- 1857-1872 (Creation)
Level of description
Extent and medium
16 bound volumes
Name of creator
Trench, the youngest of fifteen children was born near Ballybrittas, Queen’s County in 1808, he was named Richard. His younger brother who died in infancy was christened William. However, from a young age his name was changed to William Steuart. His father, Thomas, was the Church of Ireland Dean of Kildare, his mother was the daughter of Walter Weldon of Rahinderry, Co.Laois, who was MP for Athy. He grew up in the family home Glemalyre (Glenamalire) in Bellegrove, 3kms from Portarlington. At the age of 13 he was sent to be educated at the Royal School, Armagh, where he spent six years. He later studied Classics and Science in Trinity College Dublin. On leaving Trinity he began to study agriculture and land management, carrying out improvements on his brother’s estate in Kilmorony in Co. Laois, once home of the Weldon family. He then acquired land in Cardtown in the Slieve Bloom Mountains, where he was involved in carrying out reclamation, and began extensive potato cultivation.
In 1832 he married Elizabeth Sealy Townsend, whose father was the Master of Chancery in Ireland at the time. They had one daughter, Anna Maria, born 30 January 1836. Thomas Weldon Trench was born on 11 February 1833 and John Townsend Trench was born on 17 February 1834.(Elizabeth's brother, Richard Townsend , later married William Steuart’s sister Helena.)
Trench was an author. His most famous piece of work was 'Realities of Irish Life' which was published in London in 1868. He also wrote 'Ierne' (London, 1871), and produced many short articles including sketches published in the 'Evening Hours' (London, 1871-72). However, for most of his life he was employed as a professional land agent, a position he considered himself well qualified for. He claims in 'Realities' “to have lost no opportunity of acquiring information which might qualify me to become a land agent as being the most suitable, in its higher branches to my capacity.” He was appointed agent to the Shirley estate in Co Monaghan in April 1843 but resigned in April 1845. In December 1849 he was appointed agent to the estates of the Marquess of Lansdowne in Co Kerry. Two years later he took charge of the property of the Marquess of Bath in Co. Monaghan and that of Lord Digby in King's County in 1857 and held these appointments close to his death in 1872.
Trench was noted for the improvements carried out on the estates he managed. Under his agency the Barony of Geashill experienced a golden age of prosperity. There were vast improvements in both the architecture of the village and the topography of the landscape. Such improvements gained both national and indeed international recognition for Lord Digby and earned Trench the legacy of an improver who was well ahead of his time. Similar improvements in the layout and quality of the land as well as the construction of dwellings for example a terrace of cottages in Carrickmacross were built by Trench for the key workers on the Bath estate in Co. Monaghan. With the help of his son John Townsend Trench he transformed the Lansdowne estate by improving the dwelling houses of the tenantry, raising the standard of farming, improving local services and developing local industries and fishing. He had similar plans for the Shirley Estate, which he was not allowed to pursue, leading him to resign his agency.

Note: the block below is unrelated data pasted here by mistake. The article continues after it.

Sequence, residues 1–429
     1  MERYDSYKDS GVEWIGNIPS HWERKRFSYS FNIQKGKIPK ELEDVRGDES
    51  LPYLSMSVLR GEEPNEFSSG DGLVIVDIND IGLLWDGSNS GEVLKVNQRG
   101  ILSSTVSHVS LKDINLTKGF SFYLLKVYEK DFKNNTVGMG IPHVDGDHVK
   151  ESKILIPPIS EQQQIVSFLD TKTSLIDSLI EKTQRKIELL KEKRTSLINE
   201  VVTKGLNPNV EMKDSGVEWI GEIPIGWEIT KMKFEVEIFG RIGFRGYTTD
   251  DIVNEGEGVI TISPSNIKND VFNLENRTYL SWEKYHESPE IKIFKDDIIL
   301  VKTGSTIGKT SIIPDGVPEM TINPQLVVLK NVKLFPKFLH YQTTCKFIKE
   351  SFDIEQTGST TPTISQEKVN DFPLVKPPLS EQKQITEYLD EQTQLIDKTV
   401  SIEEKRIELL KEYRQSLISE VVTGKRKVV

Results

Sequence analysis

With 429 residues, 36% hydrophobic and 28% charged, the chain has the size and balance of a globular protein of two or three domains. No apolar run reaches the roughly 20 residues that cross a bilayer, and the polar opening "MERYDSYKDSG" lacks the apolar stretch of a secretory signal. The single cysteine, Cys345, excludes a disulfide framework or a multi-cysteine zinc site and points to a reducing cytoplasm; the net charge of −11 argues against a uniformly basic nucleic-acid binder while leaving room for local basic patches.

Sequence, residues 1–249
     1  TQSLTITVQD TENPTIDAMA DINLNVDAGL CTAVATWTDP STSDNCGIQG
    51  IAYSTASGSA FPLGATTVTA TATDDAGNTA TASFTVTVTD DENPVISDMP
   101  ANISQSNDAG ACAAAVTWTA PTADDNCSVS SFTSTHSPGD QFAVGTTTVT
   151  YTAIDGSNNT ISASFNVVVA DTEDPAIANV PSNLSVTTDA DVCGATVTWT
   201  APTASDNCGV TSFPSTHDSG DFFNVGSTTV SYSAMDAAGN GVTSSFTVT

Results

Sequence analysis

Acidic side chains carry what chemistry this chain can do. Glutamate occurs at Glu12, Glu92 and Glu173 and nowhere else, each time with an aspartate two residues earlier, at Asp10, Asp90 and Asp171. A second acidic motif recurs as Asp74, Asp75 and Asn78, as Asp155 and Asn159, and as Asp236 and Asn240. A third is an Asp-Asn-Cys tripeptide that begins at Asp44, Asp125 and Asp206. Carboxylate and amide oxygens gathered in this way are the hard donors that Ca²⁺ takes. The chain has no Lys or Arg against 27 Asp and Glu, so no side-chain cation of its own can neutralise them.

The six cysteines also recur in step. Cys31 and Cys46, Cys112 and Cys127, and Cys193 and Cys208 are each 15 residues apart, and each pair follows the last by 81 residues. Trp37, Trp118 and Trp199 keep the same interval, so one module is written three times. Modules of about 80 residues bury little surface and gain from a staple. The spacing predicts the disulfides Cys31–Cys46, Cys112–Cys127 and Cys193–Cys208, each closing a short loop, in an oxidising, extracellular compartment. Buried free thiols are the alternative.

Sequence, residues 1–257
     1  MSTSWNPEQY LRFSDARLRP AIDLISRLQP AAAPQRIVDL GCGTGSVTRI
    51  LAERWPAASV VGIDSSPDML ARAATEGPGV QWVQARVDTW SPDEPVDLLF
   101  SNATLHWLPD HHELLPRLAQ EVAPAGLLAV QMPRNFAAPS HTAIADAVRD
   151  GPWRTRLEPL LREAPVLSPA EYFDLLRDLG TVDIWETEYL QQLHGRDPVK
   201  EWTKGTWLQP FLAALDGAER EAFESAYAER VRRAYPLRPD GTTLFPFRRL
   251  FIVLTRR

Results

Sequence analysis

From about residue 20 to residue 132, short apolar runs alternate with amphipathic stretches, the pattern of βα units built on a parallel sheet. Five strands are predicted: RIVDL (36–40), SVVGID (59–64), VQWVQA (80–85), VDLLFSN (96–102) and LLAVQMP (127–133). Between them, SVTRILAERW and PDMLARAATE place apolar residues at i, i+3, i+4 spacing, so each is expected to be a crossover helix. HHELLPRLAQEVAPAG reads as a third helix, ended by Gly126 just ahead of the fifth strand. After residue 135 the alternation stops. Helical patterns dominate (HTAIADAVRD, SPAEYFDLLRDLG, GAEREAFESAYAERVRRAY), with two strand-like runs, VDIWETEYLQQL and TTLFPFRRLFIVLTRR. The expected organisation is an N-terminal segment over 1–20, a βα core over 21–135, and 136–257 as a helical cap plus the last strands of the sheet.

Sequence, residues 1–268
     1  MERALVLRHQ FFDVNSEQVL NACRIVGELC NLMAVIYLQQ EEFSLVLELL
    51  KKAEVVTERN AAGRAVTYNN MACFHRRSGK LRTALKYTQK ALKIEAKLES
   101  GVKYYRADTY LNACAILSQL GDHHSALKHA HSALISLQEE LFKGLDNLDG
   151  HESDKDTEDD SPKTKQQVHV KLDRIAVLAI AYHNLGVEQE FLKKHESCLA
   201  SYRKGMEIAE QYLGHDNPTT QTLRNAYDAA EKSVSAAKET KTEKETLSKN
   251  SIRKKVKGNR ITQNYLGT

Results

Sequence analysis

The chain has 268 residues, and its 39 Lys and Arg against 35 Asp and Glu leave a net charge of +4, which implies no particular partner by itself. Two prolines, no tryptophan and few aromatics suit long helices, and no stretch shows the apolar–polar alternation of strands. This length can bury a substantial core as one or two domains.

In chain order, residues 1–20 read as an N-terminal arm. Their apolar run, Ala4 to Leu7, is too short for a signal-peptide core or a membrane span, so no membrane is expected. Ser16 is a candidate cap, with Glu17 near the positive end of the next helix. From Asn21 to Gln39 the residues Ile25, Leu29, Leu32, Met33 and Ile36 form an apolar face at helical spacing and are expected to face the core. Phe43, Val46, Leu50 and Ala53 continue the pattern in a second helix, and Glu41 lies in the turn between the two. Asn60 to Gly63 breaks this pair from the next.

To facilitate such improvements Trench embarked upon the implementation of assisted emigration schemes or what he referred to as ‘voluntary’ emigration. For example in assisted emigration from the Shirley estate 1843-54, it is noted that by 1851 the flow of assisted emigrants was reduced to a trickle. However, that year marked the beginning of a significant outflow of assisted emigrants from the neighbouring Bath estate, under the agency of William Steuart Trench. Similar schemes were carried out while he worked in Kenmare in Co Kerry, where he helped to ship over 4000 destitute people to the United States and Canada. Trench looked upon such schemes as a cheap and efficient way to improve the estate. While Trench was noted for his assisted emigration schemes in Counties Kerry and Monaghan, records show that the amount of money spent on emigration in Geashill was mimimal. Nonetheless the population decreased by 40.3%. during the Trench years suggesting that in an attempt to clear the estate to make way for improvements, many people were forced to leave, receiving little or no money from him.
While Trench’s physical legacy is a positive one, there is much evidence of discontent among the tenantry especially in counties Offaly and Monaghan, which led to a flame of agitation and the rise of Ribbonism. His physical legacy was greatly overshadowed by the realities of an agent who broke leases, levelled people’s homes and banished the poor and in so doing was often ruthless in his management of the estates in his charge. In a gradual process between, December 1871 and January 1872, Reginald Digby, Lord Digby’s nephew, replaced the Trenches as land agent in Geashill. Both Trench and his son Thomas Weldon died within a few days of each other in 1872 and were buried in Co. Monaghan in Donaghmoyne cemetery.